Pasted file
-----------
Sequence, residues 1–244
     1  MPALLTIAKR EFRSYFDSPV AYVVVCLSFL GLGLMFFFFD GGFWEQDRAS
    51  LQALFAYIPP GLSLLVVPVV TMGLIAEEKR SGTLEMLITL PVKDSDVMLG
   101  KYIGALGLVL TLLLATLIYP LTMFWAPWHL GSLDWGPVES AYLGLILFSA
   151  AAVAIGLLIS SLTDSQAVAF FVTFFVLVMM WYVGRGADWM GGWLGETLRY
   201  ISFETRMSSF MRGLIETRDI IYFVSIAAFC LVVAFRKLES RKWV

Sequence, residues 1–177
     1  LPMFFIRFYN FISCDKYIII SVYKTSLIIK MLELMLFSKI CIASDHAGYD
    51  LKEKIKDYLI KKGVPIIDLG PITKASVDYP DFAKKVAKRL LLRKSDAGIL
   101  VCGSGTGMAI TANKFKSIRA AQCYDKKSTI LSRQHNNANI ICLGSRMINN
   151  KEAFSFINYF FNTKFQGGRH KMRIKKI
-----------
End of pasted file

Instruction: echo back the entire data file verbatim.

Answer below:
Sequence, residues 1–244
     1  MPALLTIAKR EFRSYFDSPV AYVVVCLSFL GLGLMFFFFD GGFWEQDRAS
    51  LQALFAYIPP GLSLLVVPVV TMGLIAEEKR SGTLEMLITL PVKDSDVMLG
   101  KYIGALGLVL TLLLATLIYP LTMFWAPWHL GSLDWGPVES AYLGLILFSA
   151  AAVAIGLLIS SLTDSQAVAF FVTFFVLVMM WYVGRGADWM GGWLGETLRY
   201  ISFETRMSSF MRGLIETRDI IYFVSIAAFC LVVAFRKLES RKWV

Sequence, residues 1–177
     1  LPMFFIRFYN FISCDKYIII SVYKTSLIIK MLELMLFSKI CIASDHAGYD
    51  LKEKIKDYLI KKGVPIIDLG PITKASVDYP DFAKKVAKRL LLRKSDAGIL
   101  VCGSGTGMAI TANKFKSIRA AQCYDKKSTI LSRQHNNANI ICLGSRMINN
   151  KEAFSFINYF FNTKFQGGRH KMRIKKI